Where, as here, an employee is engaged as retail salesman for three different employers at salaries totaling $100 per week, and is accidentally killed in the course of his employment for one of such employers who is subject to the Workmen's Compensation Law, the doctrine of concurrent similar employment applies. The average weekly wages of such employee are determined under Code (Ann. Supp.) 114-402, subsection 1, provided that such employee has, as here, worked in such employment--that is, the three similar jobs--during substantially the whole of 13 weeks immediately preceding the accident. Such average weekly wages are one-thirteenth of the total wages from the three jobs.
The husband of the claimant in this workmen's compensation case, Alex Idov, was killed by robbers while in the course of his employment as a salesman for the employer, Whitehouse Liquor Store. He worked for this employer 10 1/2 hours per week for a salary of $15 per week. He worked for another employer in the same capacity as a retail liquor salesman 21 hours per week at a weekly salary of $25. He also worked for a third employer as a retail clothing salesman 48 hours per week at a weekly wage of $60. His gross salary from the three employers consisted of $100 per week. Counsel for the claimant contended before the single director that the average weekly wages of the deceased should be computed as based on the $100 per week three-salary income, but he also offered evidence of the income of another full-time employee of this employer so as to bring the deceased employee under that provision of the Workmen's Compensation Act if the claimant was not entitled to have the compensation fixed in accordance with the first contention.
The single director entered an award in favor of the claimant based on the income as shown by the other full-time employee of this employer, which was $40 per week, 85% of one-half of which, or $17 per week for 300 weeks, having been thus awarded. Both sides appealed to the full board from this award, which board subsequently entered an award based on the same evidence and stipulations in favor of the claimant for the maximum recovery under the Workmen's Compensation Law, but which was based on the income of the deceased employee from the three employers. The employer appealed to the superior court from this award and to this court from the judgment of the superior court affirming it.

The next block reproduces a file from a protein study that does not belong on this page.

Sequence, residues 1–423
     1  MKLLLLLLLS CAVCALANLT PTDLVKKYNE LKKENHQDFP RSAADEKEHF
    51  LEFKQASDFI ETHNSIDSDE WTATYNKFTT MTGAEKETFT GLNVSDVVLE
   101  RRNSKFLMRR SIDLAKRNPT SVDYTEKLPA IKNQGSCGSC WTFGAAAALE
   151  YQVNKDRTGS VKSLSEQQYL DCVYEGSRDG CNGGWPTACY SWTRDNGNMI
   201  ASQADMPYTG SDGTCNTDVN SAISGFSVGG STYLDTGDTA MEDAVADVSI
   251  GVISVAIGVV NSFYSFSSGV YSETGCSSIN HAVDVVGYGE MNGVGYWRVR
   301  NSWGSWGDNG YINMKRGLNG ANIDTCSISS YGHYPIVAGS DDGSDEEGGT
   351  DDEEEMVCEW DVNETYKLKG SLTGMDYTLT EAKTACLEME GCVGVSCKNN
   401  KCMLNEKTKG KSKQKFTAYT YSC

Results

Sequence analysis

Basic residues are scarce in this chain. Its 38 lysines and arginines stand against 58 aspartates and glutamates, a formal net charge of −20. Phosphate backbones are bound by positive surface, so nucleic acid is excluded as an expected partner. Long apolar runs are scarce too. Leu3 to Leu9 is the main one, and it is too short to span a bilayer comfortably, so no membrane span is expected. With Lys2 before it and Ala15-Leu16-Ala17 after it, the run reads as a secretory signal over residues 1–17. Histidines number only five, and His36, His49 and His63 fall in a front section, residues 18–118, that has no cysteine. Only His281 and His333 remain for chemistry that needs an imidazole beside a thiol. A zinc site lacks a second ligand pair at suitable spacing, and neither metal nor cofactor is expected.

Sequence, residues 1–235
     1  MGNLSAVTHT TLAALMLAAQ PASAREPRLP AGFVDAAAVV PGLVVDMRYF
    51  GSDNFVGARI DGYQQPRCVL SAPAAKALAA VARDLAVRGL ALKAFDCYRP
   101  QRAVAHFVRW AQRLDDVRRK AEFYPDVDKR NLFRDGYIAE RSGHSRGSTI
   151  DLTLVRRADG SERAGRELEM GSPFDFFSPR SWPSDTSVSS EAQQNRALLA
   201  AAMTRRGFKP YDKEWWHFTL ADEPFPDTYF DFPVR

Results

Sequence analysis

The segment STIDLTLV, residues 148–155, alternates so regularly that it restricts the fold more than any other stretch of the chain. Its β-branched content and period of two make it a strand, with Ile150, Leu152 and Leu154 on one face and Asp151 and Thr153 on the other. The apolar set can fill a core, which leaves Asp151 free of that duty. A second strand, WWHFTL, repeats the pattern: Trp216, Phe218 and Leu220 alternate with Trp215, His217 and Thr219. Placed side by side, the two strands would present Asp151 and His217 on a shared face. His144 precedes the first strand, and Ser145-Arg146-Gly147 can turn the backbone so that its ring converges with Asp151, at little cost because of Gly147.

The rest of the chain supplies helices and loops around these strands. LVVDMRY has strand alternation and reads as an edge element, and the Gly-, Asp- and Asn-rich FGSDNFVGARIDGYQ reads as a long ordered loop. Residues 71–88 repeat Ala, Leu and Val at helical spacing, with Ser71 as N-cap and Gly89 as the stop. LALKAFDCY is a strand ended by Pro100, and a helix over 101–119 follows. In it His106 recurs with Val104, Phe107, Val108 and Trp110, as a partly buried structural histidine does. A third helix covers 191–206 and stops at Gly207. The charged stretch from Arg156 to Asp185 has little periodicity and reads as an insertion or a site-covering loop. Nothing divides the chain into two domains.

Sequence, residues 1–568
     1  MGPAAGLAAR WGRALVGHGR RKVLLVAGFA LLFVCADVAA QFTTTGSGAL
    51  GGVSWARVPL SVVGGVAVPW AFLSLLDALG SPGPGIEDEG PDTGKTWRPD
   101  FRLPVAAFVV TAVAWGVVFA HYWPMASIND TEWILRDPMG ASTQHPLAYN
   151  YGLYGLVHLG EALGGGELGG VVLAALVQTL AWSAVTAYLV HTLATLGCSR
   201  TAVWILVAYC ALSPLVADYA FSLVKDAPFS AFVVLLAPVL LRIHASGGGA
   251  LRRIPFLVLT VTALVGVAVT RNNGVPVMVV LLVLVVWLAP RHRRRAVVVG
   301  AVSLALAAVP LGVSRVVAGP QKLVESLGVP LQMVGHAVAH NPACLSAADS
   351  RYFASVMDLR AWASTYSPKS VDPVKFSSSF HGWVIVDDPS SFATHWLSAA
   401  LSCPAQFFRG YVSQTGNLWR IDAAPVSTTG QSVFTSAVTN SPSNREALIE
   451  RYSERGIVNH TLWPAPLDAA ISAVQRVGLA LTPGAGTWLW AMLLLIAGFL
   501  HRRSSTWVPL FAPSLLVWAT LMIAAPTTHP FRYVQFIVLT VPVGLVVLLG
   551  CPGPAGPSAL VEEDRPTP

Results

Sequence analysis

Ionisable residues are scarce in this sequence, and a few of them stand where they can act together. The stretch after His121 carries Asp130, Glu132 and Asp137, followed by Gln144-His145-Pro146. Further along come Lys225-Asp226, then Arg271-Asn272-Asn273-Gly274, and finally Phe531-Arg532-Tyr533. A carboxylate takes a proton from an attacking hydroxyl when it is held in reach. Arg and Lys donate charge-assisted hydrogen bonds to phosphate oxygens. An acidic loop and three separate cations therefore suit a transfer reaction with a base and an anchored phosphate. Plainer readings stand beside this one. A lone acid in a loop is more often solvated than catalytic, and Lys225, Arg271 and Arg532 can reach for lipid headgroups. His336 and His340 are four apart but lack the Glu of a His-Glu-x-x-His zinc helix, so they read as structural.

The sole issue in this case is the proper computation of the average weekly wages of the deceased employee. The method of computing compensation under Code (Ann. Supp.) 114-402 is to determine the average weekly wage as follows: "1. If the injured employee shall have worked in the employment in which he was working at the time of the injury, whether for the same or another employer, during substantially the whole of 13 weeks immediately preceding the injury, his average weekly wage shall be one-thirteenth of the total amount of wages earned in such employment during the said 13 weeks. 2. If the injured employee shall not have worked in such employment during substantially the whole of 13 weeks immediately preceding the injury, the wages of a similar employee in the same employment who has worked substantially the whole of such 13 weeks shall be used in making the determination under the preceding paragraph." Since the deceased employee had worked for more than 13 weeks in each of the jobs he held at the time he was killed, and since the second provision of Code 114-402 may be used only if the first is inapplicable, the average weekly wages must be determined under the first subsection thereof. It then remains to be determined: (i) whether the employee was concurrently engaged in similar employment in each position; and (2) if so, whether the "concurrent similar employment" doctrine should be applied under the terms of the Georgia Workmen's Compensation Act. The employee was engaged in each occupation as a retail sales clerk. His duties were the same to sell items at retail to customers. In two jobs he sold liquor; in the third he sold clothing. There is nothing connected with a clothing store which would make it a more hazardous occupation than that of selling liquor, so far as appears from the record. The employee may therefore be said to have been steadily and concurrently engaged in three jobs, the total of which represented one employment, that of retail salesman, and the sum of his salaries in these three positions constituted his average weekly wages and established his total earning capacity at that time. The mere fact that the total hours worked per week--double the time of the average worker--represent an incredibly long working day would have no significance, for a workman might (especially in factories working three shifts around the clock) make as much or more by means of overtime work, which would be compensable. In Carter v. Ocean Accident &c. Corp., 190 Ga. 857, 860 (11 S. E. 2d 16), it was held: "The courts are not concerned with whether the employee receives more compensation than his wages total . . . The one high aim constituting the foundation of this law is compensation for an injured employee in proportion to his loss on account of the injury. That loss is deprivation of future earnings, and is measured by his proved earning capacity. It of necessity looks to the future. Under the statute authority is given to consider the past only in so far as it reveals a regular earning capacity. We think the fairest yardstick by which his compensation to cover his injury can be measured is what he was able to earn and was actually earning when the misfortune came upon him. Good workmen look to the future with hope of advancement and increased earnings, and the loss sustained by the employee is deprivation of future earnings on the basis of his earning capacity as demonstrated by the regular wage received at the time of the accident." Although this case was written in interpretation of a former statute, and although the present yardstick is now the "average weekly wage" rather than the "regular wage," the language is pertinent and aptly illustrates the spirit of the law. It cannot be doubted that, at the time of his death, this employee's earning capacity was the total of his wages from the three jobs he was doing, just as, in the Carter case, the employee's earning capacity was what he would have earned had he been permitted to work full time, rather than the wage received for part-time employment.